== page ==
"When ideas are stated clearly, after all, they may be detached from their author: one can take them away and pursue them on one’s own. When they remain mysterious (indeed, when they are not quite asserted), one remains dependent on the originating authority. The thinker is heeded only for his or her turgid charisma."
"With [Jacques] Derrida, you can hardly misread him, because he’s so obscure. Every time you say, 'He says so and so,' he always says, 'You misunderstood me.' But if you try to figure out the correct interpretation, then that’s not so easy.
I once said this to Michel Foucault, who was more hostile to Derrida even than I am, and Foucault said that Derrida practiced the method of obscurantisme terroriste (terrorism of obscurantism). We were speaking in French. And I said, 'What the hell do you mean by that?' And he said, 'He writes so obscurely you can’t tell what he’s saying. That’s the obscurantism part. And then when you criticize him, he can always say, "You didn’t understand me; you’re an idiot." That’s the terrorism part.'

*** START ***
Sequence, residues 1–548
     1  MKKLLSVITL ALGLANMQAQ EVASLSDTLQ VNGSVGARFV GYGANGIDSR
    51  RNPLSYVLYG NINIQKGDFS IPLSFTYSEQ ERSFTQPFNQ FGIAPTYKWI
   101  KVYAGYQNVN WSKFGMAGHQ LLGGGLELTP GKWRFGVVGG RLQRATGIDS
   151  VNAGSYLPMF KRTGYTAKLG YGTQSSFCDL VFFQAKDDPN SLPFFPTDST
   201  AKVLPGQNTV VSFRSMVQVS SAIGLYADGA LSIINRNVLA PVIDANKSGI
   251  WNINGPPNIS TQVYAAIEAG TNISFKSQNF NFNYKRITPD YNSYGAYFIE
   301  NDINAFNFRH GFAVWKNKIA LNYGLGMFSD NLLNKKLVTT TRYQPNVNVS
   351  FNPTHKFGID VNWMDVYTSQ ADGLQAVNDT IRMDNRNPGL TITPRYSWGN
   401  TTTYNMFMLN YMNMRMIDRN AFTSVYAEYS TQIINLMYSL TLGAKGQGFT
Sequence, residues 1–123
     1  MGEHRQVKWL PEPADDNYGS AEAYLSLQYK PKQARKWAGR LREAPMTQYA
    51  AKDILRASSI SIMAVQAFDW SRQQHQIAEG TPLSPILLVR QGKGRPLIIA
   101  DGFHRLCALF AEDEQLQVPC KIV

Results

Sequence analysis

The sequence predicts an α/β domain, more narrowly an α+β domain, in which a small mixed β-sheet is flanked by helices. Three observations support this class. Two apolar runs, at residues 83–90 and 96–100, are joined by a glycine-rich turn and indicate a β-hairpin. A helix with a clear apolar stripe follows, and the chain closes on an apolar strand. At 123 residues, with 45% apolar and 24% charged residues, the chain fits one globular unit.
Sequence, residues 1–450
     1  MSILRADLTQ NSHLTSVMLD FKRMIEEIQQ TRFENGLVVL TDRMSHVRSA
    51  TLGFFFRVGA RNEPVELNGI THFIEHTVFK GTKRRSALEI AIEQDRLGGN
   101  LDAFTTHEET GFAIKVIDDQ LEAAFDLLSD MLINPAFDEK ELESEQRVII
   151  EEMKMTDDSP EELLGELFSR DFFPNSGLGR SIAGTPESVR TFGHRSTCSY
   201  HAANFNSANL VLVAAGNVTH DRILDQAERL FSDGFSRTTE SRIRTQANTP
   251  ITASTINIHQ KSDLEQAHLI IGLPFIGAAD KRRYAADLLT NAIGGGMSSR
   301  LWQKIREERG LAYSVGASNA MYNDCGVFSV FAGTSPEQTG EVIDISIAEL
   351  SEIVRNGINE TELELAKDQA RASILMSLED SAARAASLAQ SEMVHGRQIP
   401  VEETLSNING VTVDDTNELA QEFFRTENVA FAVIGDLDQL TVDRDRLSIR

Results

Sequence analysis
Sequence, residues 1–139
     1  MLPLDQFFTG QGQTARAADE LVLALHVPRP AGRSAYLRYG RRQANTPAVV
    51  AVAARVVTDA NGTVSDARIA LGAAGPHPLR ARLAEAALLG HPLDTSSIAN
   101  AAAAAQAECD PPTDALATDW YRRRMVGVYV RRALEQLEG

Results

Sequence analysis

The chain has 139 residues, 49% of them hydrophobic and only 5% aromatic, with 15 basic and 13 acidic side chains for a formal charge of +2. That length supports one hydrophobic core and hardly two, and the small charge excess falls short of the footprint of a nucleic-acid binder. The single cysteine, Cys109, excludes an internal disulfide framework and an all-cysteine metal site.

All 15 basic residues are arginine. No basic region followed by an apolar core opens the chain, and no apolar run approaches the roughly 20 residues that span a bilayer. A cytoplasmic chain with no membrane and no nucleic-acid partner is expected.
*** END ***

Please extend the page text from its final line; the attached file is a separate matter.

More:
And I like that. So I wrote an article about Derrida. I asked Michel if it was OK if I quoted that passage, and he said yes."
— John Searle (both quotes from Open Culture)
"Derrida was the father of ‘deconstructionism,’ a critical practice that questions the foundation of Western thought by exploring the inherent instability present in language. From it ground-breaking conception in Derrida’s 1967 texts, 'Of Grammatology' and 'Writing and Difference,' deconstruction has heralded the death of the author by arguing that meaning has limitless layers of interpretation, not all viable at the conscious level.
Throughout his life, Derrida wrote hundreds of books and essays that reread and deconstructed great philosophers such as Plato, Heidegger, Hegel, Nietzsche and ideals such as giving and forgiveness. In recent years, deconstruction has become the dominant discourse of academia and has seeped into pop-culture reference."
— Elyse Weingarten, EGO